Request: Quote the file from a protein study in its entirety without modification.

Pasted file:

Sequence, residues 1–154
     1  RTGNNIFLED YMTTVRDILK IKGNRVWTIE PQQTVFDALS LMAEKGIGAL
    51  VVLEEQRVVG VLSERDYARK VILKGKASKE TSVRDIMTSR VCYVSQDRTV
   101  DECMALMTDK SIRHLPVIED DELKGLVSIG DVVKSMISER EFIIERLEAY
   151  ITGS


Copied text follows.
Sequence, residues 1–154
     1  RTGNNIFLED YMTTVRDILK IKGNRVWTIE PQQTVFDALS LMAEKGIGAL
    51  VVLEEQRVVG VLSERDYARK VILKGKASKE TSVRDIMTSR VCYVSQDRTV
   101  DECMALMTDK SIRHLPVIED DELKGLVSIG DVVKSMISER EFIIERLEAY
   151  ITGS